Graham's Blog Archive

Cable Polarity?

Posted by Graham
November 11th, 2012

Cable polarity always gets a mixed reception – some strongly disagree that swapping cable direction can make any difference to the music – then there are others who say they’ve witnessed a difference.

Originally I was highly skeptical about cable direction and its effect on the music, but having witnessed how interconnects and even speaker cables produce different results when plugged one way round or the other, I have to conclude it does make a difference. I know some of you will instantly laugh out loud at what I just said and I may have lost all credibility with you for that, but please read a little further – I don’t want to force my opinions on anybody.

At this moment in time I have absolutely no scientific evidence to suggest how this phenomenon exists, but in blind listening tests without any hint of suggestive persuasion from me, the two people I work with have also noticed the difference.

Subjective Testing

I’ve played a lot of different music from a number of different sources into a few amplifiers/headphone amplifiers using two different pairs of loudspeakers and several headphones so I think I probably covered all the bases equipment wise.

Two tracks demonstrate the effect well: Genesis / Los Endos, from Trick of the Tale, and Fleetwood Mac / Tusk. This music may not suit everybody’s tastes but serves to demonstrate.

On Los Endos after the largely quiet introduction the percussion comes in with considerable syncopation, Bongo drums kick in and there’s a strong electric bass line. Building onto which there’s the keyboards and then the whole thing is reinforced by floor toms. It builds to a crescendo whilst the complete image is sucked to centre stage, and then bursts back out to stereo again.

That’s with cables one way round. Reversing the cables the sense of timing is gone, the bass line is “plodding” as if it cannot keep up (but obviously does – it just sounds that way). The various high frequency percussive sounds are out of context image wise, and the stereo image goes nowhere at all.

Leaving the cables “reversed” on Tusk the image is scattered like it would be if the speakers were to be wired out of phase. The initial drumming sounds more boxy than it usually sounds, the vocal harmonising sounds very congested, and the beginning of the electric guitar which is quite fuzzed at first sounds more distorted. The crazy drumming section sounds like it’s on another record playing out of sync, and the words “real savage life” are almost indistinguishable.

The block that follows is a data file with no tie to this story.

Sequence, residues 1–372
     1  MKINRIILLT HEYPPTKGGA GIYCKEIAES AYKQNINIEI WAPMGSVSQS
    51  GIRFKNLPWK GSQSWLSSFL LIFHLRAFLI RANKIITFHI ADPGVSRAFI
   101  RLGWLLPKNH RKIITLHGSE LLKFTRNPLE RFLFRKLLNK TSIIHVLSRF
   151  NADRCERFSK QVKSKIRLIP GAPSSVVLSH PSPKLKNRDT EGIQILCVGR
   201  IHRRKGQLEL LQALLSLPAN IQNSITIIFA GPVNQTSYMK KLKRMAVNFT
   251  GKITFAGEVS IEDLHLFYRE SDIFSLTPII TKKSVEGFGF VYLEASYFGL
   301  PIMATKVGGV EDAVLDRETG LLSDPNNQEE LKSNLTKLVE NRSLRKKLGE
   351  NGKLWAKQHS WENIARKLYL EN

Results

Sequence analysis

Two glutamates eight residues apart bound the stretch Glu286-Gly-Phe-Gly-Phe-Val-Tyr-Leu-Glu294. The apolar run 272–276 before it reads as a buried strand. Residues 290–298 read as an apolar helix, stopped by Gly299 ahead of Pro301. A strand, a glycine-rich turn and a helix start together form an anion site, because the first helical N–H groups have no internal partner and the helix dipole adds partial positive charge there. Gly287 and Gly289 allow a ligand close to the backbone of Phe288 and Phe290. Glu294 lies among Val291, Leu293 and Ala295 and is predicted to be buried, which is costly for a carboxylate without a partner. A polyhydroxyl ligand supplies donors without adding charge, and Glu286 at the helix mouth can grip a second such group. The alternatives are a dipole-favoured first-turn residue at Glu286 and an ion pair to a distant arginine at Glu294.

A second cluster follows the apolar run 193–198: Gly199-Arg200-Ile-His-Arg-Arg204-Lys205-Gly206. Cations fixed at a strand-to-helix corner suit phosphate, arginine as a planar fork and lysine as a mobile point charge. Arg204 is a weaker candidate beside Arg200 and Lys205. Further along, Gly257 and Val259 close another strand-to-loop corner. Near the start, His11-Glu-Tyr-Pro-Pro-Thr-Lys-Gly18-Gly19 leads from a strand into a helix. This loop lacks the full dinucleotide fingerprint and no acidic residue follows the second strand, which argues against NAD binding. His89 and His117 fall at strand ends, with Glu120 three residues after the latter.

Reversing them back, the whole track simply “works”.

Does It Happen Every Time?

This has been tried off LP via my phono stages and off computer from other sources, both via my prototype USB streamer and via my prototype DAC by coaxial connection from a decent sound card.

Signals have been inverted and non-inverted (absolute phase) without any observed change from the above.

The test has been tried on both our CuSat50 cables and our new speaker cables which are completely different to each other in construction. However, some cables don’t sound right whichever way round we try.

Conclusion

So what’s the conclusion? Why does this happen? My answer – I have absolutely no idea – not a clue! People have suggested it’s the crystalline structure of the wires, well maybe, but I’m not convinced it’s that. Neither am I convinced about deep freezing (cryogenics).

However, I have been reading about insulation properties and how charging and polarization can exist in polymers due to the interface between insulation layers of different compositions.

I hope one day to be able to offer a proper scientific explanation but for now we can only listen to every cable and mark them for the direction which we think brings the best results.